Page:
A LUXURY CHEESECAKE — OR A TASTELESS MASH-UP…

Fiona Scott
4 min readFeb 8, 2024
A NICE CUP OF TEA WAS MORE APPETISIING THAN THESE ‘LITTLE’ CHEESECAKES

THE SECOND week of the 2024 series of The Apprentice promised entertainment after the car crash of episode one where the girls scraped a win and the boys nosedived into a loss.

While Bristol-based Jack tried to gee up the boys for the second task, sadly his gusto proved to be ephemeral. The colourful girls, who once again stepped forward confidentially where less gung-ho.

An early start at the Royal Exchange suggested a financial task however it was a ‘foodie’ adventure — to create two styles of mini cheesecake, one for a corporate client and one to sell to the public. Yet, as always, the money would be key and it’s so often true that the upfront contract proves to be the one thing which dictates who the winning team will be.

The boys appeared to have the advantage as two of their number are pie- makers Paul Bowen and Phil Turner. Surely given that they manufacture food products they would smash this task? Well, smash was an apt word for all of the wrong reasons.

In the negotiations with the corporate clients, it was very clear that the girls were way ahead. They pitched their mini desserts at £15 a pop which seemed very high, the client talked them down to £13.80 each — when their unit cost per dessert was around £2 — a pretty decent mark-up. The star of this show was Flo Edwards who told everyone that if she was going to negotiate she wanted the rest of the team to ‘shut up’ and let her get on with it. With those results, the team listened and were silent.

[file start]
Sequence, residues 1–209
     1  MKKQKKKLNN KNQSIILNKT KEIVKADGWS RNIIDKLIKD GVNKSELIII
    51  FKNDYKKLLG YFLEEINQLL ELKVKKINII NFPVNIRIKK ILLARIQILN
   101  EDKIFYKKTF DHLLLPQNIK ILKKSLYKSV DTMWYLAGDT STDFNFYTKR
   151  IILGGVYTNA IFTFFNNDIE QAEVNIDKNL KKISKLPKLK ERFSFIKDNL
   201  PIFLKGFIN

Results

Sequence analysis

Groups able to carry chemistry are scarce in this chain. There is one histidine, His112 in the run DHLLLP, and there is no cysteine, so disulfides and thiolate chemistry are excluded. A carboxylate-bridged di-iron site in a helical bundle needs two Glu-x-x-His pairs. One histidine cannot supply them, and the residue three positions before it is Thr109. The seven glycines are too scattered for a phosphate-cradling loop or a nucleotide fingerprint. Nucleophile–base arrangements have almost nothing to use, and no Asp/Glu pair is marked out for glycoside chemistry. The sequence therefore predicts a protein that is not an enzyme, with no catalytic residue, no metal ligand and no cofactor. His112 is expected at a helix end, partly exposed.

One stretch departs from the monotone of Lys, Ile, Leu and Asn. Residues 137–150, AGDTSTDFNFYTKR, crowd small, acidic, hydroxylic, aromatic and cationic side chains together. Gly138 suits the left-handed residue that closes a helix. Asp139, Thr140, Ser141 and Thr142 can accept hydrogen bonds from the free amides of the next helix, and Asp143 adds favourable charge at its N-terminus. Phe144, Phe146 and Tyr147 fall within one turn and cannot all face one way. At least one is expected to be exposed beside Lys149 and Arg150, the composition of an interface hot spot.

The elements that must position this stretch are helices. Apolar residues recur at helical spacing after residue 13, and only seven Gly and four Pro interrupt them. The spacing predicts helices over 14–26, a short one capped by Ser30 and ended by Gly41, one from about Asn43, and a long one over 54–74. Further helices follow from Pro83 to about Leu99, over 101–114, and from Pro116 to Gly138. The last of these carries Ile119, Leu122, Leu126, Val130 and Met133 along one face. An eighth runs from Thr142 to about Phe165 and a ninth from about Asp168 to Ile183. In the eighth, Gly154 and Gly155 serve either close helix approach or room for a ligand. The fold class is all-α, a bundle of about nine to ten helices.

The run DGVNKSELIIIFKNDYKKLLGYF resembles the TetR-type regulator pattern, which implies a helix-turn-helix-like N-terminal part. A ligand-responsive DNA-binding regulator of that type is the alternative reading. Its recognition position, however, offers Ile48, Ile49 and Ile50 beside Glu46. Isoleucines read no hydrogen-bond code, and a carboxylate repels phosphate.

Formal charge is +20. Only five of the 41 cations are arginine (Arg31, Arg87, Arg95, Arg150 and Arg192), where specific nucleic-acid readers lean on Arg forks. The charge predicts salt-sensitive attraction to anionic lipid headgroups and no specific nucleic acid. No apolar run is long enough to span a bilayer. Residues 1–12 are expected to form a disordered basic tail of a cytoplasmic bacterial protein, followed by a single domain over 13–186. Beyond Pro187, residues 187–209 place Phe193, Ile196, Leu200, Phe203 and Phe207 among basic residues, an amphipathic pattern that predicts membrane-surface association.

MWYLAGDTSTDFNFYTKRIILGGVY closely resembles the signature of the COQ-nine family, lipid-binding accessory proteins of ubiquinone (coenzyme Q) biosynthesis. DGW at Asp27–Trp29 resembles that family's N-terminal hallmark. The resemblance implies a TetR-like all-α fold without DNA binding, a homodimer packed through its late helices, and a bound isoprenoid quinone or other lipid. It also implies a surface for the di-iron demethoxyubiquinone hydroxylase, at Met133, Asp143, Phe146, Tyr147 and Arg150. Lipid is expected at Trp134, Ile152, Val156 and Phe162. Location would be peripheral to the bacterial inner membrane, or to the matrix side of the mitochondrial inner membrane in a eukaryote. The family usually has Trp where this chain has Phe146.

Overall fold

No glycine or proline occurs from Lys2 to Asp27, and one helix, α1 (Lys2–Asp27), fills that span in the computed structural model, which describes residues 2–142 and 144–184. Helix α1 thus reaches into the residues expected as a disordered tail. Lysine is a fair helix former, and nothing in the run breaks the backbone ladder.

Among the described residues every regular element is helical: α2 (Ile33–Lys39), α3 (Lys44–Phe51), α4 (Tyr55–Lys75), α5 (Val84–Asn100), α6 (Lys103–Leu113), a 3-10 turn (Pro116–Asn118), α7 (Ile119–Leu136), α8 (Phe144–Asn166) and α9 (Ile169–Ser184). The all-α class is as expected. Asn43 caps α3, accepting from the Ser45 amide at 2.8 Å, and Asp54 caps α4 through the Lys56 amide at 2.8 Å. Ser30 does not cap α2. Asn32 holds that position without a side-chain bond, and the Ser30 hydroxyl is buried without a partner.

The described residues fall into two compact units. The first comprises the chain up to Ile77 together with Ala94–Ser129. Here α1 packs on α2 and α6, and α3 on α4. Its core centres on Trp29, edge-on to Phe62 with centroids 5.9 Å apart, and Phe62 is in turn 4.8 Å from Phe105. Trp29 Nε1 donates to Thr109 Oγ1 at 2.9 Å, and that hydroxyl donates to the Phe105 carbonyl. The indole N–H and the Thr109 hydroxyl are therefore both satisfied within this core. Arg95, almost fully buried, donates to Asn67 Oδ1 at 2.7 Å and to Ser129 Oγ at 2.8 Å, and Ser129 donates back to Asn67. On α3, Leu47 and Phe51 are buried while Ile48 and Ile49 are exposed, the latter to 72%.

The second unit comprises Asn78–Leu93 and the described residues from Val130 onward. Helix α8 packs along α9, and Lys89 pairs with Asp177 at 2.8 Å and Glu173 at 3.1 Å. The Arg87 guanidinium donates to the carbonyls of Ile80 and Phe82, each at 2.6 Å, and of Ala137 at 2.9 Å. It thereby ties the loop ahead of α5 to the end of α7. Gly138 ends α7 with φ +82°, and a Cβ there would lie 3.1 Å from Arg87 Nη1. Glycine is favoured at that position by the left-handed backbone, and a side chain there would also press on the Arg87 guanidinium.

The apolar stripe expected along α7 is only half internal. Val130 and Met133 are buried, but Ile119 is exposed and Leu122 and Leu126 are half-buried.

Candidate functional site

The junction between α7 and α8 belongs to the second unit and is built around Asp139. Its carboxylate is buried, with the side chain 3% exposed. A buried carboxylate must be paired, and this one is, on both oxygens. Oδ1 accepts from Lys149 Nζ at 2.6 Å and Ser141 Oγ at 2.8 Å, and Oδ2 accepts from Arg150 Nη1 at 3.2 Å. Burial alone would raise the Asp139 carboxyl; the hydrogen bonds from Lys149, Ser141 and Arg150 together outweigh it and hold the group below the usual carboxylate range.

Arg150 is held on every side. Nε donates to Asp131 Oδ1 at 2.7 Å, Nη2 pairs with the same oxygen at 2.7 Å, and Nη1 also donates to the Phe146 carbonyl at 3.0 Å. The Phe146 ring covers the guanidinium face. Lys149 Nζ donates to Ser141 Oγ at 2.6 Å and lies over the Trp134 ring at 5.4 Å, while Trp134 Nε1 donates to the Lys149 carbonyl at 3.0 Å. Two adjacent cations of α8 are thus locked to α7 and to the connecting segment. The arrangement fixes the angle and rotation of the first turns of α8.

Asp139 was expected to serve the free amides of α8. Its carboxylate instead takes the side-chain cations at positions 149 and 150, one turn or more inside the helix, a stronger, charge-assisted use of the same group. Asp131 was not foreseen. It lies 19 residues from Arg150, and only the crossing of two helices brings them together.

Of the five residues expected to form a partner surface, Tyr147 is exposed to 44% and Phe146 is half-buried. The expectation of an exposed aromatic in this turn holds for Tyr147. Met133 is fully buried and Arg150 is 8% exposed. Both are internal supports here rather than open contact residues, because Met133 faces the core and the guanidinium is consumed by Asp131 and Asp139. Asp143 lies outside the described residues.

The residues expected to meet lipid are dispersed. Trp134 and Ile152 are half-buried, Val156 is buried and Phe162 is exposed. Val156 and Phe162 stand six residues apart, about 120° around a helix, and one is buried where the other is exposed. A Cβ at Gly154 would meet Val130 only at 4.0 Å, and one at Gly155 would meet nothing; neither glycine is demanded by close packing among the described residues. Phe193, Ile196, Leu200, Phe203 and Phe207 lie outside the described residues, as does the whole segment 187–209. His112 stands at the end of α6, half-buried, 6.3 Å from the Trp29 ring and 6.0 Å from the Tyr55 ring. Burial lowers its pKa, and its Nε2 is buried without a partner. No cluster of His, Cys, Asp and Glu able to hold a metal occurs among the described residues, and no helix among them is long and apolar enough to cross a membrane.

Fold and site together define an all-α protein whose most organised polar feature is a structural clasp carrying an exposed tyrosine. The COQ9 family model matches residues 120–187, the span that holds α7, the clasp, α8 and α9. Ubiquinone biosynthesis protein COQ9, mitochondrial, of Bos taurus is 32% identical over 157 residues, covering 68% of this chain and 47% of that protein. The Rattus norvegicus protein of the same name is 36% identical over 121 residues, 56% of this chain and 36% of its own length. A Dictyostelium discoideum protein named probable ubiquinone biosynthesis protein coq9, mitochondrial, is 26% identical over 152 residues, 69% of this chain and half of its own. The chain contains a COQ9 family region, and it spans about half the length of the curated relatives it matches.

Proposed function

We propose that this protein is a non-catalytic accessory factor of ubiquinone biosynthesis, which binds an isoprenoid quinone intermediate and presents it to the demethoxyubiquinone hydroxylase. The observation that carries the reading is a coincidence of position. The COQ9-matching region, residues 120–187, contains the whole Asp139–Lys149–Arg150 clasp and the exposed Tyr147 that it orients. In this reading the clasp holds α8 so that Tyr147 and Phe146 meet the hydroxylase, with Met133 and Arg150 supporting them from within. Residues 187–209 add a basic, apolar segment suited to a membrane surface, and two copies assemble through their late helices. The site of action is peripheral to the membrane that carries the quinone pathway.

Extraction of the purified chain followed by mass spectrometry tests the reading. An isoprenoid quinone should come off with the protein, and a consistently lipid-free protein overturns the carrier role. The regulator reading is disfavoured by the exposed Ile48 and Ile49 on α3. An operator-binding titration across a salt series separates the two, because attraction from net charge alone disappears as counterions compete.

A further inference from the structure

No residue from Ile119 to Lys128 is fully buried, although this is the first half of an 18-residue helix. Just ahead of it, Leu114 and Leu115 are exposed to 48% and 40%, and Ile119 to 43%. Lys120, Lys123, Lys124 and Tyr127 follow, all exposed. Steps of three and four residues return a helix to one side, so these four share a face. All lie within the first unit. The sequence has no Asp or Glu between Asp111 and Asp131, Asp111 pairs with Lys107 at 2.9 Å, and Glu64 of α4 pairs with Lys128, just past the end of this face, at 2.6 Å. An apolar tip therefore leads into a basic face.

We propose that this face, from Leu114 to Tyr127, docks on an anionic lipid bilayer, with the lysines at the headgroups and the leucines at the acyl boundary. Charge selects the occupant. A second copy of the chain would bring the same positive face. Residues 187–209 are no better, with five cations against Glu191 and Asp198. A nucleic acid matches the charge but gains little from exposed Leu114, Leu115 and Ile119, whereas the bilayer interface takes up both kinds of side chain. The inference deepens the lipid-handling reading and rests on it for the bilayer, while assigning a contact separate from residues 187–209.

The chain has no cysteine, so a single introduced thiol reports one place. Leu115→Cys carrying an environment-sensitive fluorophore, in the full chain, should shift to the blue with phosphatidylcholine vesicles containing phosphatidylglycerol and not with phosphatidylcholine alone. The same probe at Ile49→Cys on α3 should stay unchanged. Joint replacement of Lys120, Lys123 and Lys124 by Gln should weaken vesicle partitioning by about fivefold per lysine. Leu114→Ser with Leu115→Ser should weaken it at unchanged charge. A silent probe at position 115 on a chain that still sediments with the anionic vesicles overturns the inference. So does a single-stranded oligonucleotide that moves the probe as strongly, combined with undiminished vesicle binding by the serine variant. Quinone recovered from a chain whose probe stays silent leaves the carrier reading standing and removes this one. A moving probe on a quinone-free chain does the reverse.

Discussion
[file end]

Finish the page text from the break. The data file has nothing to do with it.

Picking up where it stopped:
Paul Bowen, for the boys, once again wanted to negotiate and be the sales person, yet got off to a horrendous start by trying to push ‘chocolate’ style cheesecakes to a company which specialises in ‘healthy’ fruit and vegetable products. When they said ‘no’ he even argued with them. He then settled at £6.60 per dessert — a master stroke of mediocrity.

The kitchen creative process was a dog’s dinner by both teams as they tried to create their promised delights. The girls’ corporate creation looked like a bright red, blood coloured triffid topped creation which just about met the cheesecake brief — the client did admit it tasted good. Their public offering was a simple cheesecake of mango mojito with mint topping — it would remain to be seen if it was too simple. The…

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Fiona Scott

Fiona has been a UK journalist for more than 30 years as well as being a freelance tv producer director. She’s also had her own media consultancy since 2008.